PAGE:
4.5M IO/sec@227µsec 4KB Read on 100GBE with 24 NVMe cards #SFD12

At Storage Field Day 12 (SFD12) this week we talked with Excelero, which is a startup out of Israel. They support a software defined block storage for Linux.

Excelero depends on NVMe SSDs in servers (hyper converged or as a storage system), 100GBE and RDMA NICs. (At the time I wrote this post, videos from the presentation were not available, but the TFD team assures me they will be up on their website soon).

I know, yet another software defined storage startup.

Well yesterday they demoed a single storage system that generated 2.5 M IO/sec random 4KB random writes or 4.5 M IO/Sec random 4KB reads. I didn’t record the random write average response time but it was less than 350µsec and the random read average response time was 227µsec. They only did these 30 second test runs a couple of times, but the IO performance was staggering.

But they used lots of hardware, right?

No. The target storage system used during their demo consisted of:

  • 1-Supermicro 2028U-TN24RT+, a 2U dual socket server with up to 24 NVMe 2.5″ drive slots;
  • 2-2 x 100Gbs Mellanox ConnectX-5 100Gbs Ethernet (R[DMA]-NICs); and
  • 24-Intel 2.5″ 400GB NVMe SSDs.

They also had a Dell Z9100-ON Switch  supporting 32 X 100Gbs QSFP28 ports and I think they were using 4 hosts but all this was not part of the storage target system.

I don’t recall the CPU processor used on the target but it was a relatively lowend, cheap ($300 or so) dual core, Intel standard CPU. I think they said the total target hardware cost $13K or so.

I priced out an equivalent system. 24 400GB 2.5″ NVMe Intel 750 SSDs would cost around $7.8K (Newegg); the 2 Mellanox ConnectX-5 cards $4K (Neutron USA); and the SuperMicro plus an Intel Cpu around $1.5K. So the total system is close to the ~$13K.

But it burned out the target CPU, didn’t it?

During the 4.5M IO/sec random read benchmark, the storage target CPU was at 0.3% busy and the highest consuming process on the target CPU was the Linux “Top” command used to display the PS status.

Excelero claims that the storage target system consumes absolutely no CPU processing to service an 4K read or write IO request. All of IO processing is done by hardware (the R(DMA)-NICs, the NVMe drives and PCIe bus) which bypasses the storage target CPU altogether.

We didn’t look at the host cpu utilization but driving 4.5M IO/sec would take a high level of CPU power even if their client software did most of this via RDMA messaging magic.

How is this possible?

Their client software running in the Linux host is roughly equivalent to an iSCSI initiator but talks a special RDMA protocol (patent pending by Excelero, RDDA protocol) that adds an IO request to the NVMe device submission queue and then rings the doorbell on the target system device and the SSD then takes it off the queue and executes it. In addition to the submission queue IO request they preprogram the PCIe MSI interrupt request message to somehow program (?) the target system R-NIC to send the read data/write status data back to the client host.

So there’s really no target CPU processing for any NVMe message handling or interrupt processing, it’s all done by the client SW and is handled between the NVMe drive and the target and client R-NICs.

The result is that the data is sent back to the requesting host automatically from the drive to the target R-NIC over the target’s PCIe bus and then from the target system to the client system via RDMA across 100GBE and the R-NICS and then from the client R-NIC to the client IO memory data buffer over the client’s PCIe bus.

Writes are a bit simpler as the 4KB write data can be encapsulated into the submission queue command for the write operation that’s sent to the NVMe device and the write IO status is relatively small amount of data that needs to be sent back to the client.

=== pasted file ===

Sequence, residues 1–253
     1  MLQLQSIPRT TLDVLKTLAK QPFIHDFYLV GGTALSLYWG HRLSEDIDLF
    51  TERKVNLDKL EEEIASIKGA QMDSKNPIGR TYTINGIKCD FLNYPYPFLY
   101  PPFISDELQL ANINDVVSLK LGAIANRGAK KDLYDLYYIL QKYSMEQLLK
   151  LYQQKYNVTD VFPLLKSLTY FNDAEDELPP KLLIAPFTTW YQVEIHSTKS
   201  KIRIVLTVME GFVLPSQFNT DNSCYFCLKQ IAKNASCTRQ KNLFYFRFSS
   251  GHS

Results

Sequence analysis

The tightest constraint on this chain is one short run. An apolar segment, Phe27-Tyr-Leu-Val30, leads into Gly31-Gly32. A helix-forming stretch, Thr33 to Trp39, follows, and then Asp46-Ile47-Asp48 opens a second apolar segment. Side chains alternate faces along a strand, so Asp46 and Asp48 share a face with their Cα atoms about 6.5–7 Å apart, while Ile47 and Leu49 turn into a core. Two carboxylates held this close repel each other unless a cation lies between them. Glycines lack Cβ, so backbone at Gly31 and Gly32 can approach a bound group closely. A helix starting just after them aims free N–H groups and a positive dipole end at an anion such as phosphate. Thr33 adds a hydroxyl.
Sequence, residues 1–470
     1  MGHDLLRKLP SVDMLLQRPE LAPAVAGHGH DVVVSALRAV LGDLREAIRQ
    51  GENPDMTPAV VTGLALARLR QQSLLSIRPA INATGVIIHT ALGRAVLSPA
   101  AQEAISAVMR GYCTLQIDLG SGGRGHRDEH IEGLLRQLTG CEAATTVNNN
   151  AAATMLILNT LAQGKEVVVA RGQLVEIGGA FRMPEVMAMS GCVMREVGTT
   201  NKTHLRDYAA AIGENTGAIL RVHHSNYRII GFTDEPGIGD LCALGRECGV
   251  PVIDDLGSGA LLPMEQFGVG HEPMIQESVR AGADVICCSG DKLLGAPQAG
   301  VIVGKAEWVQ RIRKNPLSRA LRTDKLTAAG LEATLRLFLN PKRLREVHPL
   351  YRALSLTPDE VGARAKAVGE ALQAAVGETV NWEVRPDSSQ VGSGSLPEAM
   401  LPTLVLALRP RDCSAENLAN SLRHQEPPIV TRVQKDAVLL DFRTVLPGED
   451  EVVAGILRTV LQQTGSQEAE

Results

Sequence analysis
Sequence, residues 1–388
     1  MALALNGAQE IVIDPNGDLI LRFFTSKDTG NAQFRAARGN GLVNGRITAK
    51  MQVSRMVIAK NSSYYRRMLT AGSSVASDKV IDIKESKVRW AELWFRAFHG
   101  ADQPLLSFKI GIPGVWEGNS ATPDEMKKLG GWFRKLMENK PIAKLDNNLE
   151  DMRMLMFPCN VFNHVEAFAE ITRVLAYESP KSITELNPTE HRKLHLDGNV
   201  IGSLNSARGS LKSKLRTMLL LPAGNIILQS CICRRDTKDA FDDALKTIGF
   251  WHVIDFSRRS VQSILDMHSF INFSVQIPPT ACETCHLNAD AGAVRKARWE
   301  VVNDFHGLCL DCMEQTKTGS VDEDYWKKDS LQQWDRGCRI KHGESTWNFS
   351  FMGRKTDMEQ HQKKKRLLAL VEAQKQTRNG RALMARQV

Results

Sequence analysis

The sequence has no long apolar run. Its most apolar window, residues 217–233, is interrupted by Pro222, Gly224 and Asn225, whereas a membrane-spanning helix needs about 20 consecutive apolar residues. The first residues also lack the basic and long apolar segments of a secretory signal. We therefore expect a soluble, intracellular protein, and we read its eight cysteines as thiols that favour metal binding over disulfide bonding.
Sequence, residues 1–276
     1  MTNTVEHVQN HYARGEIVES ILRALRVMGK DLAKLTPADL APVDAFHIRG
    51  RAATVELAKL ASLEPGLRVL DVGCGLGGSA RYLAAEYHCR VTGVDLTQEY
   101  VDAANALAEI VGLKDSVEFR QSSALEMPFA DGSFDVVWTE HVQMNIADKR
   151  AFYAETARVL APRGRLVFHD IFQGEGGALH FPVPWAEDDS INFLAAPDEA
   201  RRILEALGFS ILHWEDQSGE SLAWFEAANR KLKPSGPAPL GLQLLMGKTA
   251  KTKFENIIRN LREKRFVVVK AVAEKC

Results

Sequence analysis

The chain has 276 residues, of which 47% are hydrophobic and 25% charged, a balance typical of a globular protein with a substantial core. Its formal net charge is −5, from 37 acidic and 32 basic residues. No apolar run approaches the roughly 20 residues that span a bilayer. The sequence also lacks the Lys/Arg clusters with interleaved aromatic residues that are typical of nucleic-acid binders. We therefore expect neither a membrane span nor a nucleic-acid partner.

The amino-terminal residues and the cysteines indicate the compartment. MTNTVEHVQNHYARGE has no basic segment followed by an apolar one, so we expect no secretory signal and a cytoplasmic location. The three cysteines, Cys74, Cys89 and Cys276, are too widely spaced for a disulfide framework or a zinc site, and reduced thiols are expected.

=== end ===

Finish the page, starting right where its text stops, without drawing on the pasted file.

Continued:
NVMe optimized for 4KB IO

Of course the NVMe protocol is set up to transfer up to 4KB of data with a (write command) submission queue element. And the PCIe MSI interrupt return message can be programmed to (I think) write a command in the R-NIC to cause the data transfer back for a read command directly into the client’s memory using RDMA with no CPU activity whatsoever in either operation. As long as your IO request is less than 4KB, this all works fine.

There is some minor CPU processing on the target to configure a LUN and set up the client to target connection. They essentially only support replicated RAID 10 protection across the NVMe SSDs.

They also showed another demo which used the same drive both across the 100Gbs Ethernet network and in local mode or direct as a local NVMe storage. The response times shown for both local and remote were within  5µsec of each other. This means that the overhead for going over the Ethernet link rather than going local cost you an additional 5µsec of response time.

Disaggregated vs. aggregated configuration

In addition to their standalone (disaggregated) storage target solution they also showed an (aggregated) Linux based, hyper converged client-target configuration with a smaller number of NVMe drives in them. This could be used in configurations where VMs operated and both client and target Excelero software was running on the same hardware.

Simply amazing

The product has no advanced data services. no high availability, snapshots, erasure coding, dedupe, compression replication, thin provisioning, etc. advanced data services are all lacking. But if I can clone a LUN at lets say 2.5M IO/sec I can get by with no snapshotting. And with hardware that’s this cheap I’m not sure I care about thin provisioning, dedupe and compression.  Remote site replication is never going to happen at these speeds. Ok HA is an important consideration but I think they can make that happen and they do support RAID 10 (data mirroring) so data mirroring is there for an NVMe device failure.

But if you want 4.5M 4K random reads or 2.5M 4K random writes on <$15K of hardware and happen to be running Linux, I think they have a solution for you. They showed some volume provisioning software but I was too overwhelmed trying to make sense of their performance to notice.

Yes it really screams for 4KB IO. But that covers a lot of IO activity these days. And if you can do Millions of them a second splitting up bigger IOs into 4K should not be a problem.